Exploratory Testing in Software Testing

What is Exploratory Testing?

As its name implies, exploratory testing is about exploring, finding out about the software, what it does, what it doesn’t do, what works and what doesn’t work. The tester is constantly making decisions about what to test next and where to spend the (limited) time. This is an approach that is most useful when there are no or poor specifications and when time is severely limited.

  • Exploratory testing is a hands-on approach in which testers are involved in minimum planning and maximum test execution.
  • The test planning involves the creation of a test charter, a short declaration of the scope of a short (1 to 2 hour) time-boxed test effort, the objectives and possible approaches to be used.

How to Structure Exploratory Testing?

Just because this approach is done on the fly doesn’t mean it isn’t structured. Exploratory test management needs to ensure that the following happens:

  • A clear mission of the test is established.
  • Thorough notes are taken of what needs to be tested, why, and the assessed quality of the application.
  • Issues and questions raised during testing are tracked.
  • Two testers are appropriately assigned based on their experience.
  • This is accomplished through 5 phases, or session based test management (SBTM Cycle):

1. Classify the bugs.

  • Categorize the kinds of problems most commonly found in past projects.
  • Seek the root cause of these problems.
  • Identify the risks and develop ideas to test the application.

2. Create a test charter.

  • Identify what to test, how it can be tested, and what factors to consider.
  • Describe the starting point of testing.
  • Define how users will utilize the system.

3. Create a time box.

  • Two testers work together for at least 90 minutes.
  • Interruptions do not occur during the 90 minutes.
  • An extension or reduction of 45 minutes is acceptable.
  • Testers react to the response of the application and prepare for the correct outcome.

4. Review the results.

  • Assess the defects.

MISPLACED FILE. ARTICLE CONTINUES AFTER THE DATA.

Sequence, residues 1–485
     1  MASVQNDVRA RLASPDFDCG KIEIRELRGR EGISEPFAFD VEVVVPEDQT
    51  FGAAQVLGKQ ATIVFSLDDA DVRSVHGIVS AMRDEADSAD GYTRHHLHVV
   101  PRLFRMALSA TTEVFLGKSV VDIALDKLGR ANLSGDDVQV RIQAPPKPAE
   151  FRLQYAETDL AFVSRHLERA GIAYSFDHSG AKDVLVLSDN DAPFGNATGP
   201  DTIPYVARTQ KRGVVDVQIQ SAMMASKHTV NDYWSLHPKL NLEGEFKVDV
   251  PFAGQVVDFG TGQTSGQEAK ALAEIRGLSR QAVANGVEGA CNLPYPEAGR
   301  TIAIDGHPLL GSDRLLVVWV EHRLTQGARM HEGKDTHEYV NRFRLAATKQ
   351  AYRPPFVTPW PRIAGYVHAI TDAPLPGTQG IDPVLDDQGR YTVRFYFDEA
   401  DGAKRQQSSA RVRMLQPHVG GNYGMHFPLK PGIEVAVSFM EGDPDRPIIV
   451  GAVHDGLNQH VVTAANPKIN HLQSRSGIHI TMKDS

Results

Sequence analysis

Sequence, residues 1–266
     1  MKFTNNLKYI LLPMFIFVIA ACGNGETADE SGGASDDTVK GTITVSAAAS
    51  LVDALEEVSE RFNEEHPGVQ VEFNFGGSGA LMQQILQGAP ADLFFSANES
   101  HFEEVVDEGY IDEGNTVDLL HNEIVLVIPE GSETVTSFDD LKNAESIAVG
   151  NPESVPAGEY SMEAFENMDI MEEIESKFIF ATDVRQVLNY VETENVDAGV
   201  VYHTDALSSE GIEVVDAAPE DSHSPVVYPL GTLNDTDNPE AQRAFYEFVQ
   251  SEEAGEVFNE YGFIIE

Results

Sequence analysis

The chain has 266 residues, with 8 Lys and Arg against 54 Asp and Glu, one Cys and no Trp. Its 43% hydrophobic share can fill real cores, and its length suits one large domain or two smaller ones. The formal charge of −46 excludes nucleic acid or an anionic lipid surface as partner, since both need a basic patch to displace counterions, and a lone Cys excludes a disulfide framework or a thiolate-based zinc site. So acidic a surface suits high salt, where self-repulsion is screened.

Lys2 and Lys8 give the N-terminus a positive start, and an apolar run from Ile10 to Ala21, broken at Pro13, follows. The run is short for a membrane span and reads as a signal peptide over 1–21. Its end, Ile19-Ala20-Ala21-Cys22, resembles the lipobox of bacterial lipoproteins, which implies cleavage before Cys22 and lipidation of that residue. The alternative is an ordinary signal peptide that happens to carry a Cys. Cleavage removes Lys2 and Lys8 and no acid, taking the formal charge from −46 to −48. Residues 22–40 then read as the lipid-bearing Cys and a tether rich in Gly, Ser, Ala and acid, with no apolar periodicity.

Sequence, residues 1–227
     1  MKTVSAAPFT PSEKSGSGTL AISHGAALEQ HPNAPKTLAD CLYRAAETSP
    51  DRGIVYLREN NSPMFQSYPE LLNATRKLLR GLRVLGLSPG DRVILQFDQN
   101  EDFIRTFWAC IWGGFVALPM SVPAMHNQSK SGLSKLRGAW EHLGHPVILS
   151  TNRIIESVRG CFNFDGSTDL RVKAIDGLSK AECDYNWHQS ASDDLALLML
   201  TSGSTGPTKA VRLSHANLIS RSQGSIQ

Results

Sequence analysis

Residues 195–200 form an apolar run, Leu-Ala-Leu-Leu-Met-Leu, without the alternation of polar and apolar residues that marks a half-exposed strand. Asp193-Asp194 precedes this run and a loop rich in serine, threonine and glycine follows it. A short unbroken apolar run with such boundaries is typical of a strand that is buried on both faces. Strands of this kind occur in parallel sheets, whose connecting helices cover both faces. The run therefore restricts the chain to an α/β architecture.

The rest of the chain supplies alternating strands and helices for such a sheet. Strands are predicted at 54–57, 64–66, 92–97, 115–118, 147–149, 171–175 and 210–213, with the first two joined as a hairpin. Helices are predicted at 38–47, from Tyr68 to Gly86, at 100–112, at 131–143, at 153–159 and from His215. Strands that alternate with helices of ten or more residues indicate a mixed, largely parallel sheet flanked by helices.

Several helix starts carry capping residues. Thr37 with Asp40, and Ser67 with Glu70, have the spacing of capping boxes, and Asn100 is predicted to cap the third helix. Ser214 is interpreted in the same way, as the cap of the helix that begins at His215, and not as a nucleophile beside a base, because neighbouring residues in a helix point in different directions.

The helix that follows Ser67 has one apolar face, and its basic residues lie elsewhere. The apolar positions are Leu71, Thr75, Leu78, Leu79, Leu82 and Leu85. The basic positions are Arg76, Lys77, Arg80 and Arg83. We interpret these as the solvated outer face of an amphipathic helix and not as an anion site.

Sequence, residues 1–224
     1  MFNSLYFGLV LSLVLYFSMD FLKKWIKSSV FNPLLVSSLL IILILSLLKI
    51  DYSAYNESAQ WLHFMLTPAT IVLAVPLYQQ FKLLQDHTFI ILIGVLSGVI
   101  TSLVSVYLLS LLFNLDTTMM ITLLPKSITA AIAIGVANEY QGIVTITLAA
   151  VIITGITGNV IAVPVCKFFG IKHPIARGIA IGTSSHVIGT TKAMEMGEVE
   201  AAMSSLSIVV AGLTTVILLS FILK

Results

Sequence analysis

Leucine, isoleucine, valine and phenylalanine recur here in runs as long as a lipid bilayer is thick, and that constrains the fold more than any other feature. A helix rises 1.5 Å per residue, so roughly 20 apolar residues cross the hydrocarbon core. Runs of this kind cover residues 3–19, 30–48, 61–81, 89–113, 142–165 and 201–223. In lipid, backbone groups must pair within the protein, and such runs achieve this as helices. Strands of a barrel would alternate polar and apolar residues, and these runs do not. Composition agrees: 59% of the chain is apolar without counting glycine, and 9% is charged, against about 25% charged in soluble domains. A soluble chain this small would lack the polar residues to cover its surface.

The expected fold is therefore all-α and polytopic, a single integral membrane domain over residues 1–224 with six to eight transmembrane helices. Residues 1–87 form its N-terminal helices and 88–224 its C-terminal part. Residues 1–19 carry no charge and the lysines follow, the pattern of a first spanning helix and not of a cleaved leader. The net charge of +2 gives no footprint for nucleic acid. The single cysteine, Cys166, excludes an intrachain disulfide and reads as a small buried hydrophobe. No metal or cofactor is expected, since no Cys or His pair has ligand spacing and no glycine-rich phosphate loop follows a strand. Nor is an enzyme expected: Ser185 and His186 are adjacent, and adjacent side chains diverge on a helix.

• Learn from the test.
  • Analyze coverage areas.

5. Debrief.

  • Compile results.
  • Compare results to the character.
  • Check for needed additional testing.

Types of Exploratory Testing

1. Freestyle Exploratory Testing

Think of this as exploratory testing with an ad-hoc approach. In this format, there are no rules, structure, organization. Testers go through the application quickly, mainly to verify the work of other testers, investigate a particular bug defect, or do a quick smoke test.

2. Scenario-based Exploratory Testing

This form of exploratory testing is based on real user scenarios. Testers take each scenario and then explore the software in all possible ways to match that scenario. The point here is to test as many scenarios as possible to provide maximum test coverage.

3. Strategy-based Exploratory Testing

This is usually assigned to testers who are already familiar with the software being tested. It includes boundary value analysis, equivalence technique and risk-based technique to identify more challenging bugs.


  • It doesn’t require preparation for testing as we don’t have documents for testing.
  • In this type of testing time saves due to all task are doing simultaneously like Testing, Designing test scenarios and executing test scenarios.
  • Tester can report many issues due to incomplete requirement or missing requirement document.


  • Few issues cannot be catch in this type of testing.
  • There is review of test planning & designing of test cases/scenario while testing may cause issues.
  • Testers have to remember the scenario what he is executing because if any bug is found then tester should report a bug with proper steps to reproduce Difficulty to perform the exact manner especially for new found bugs.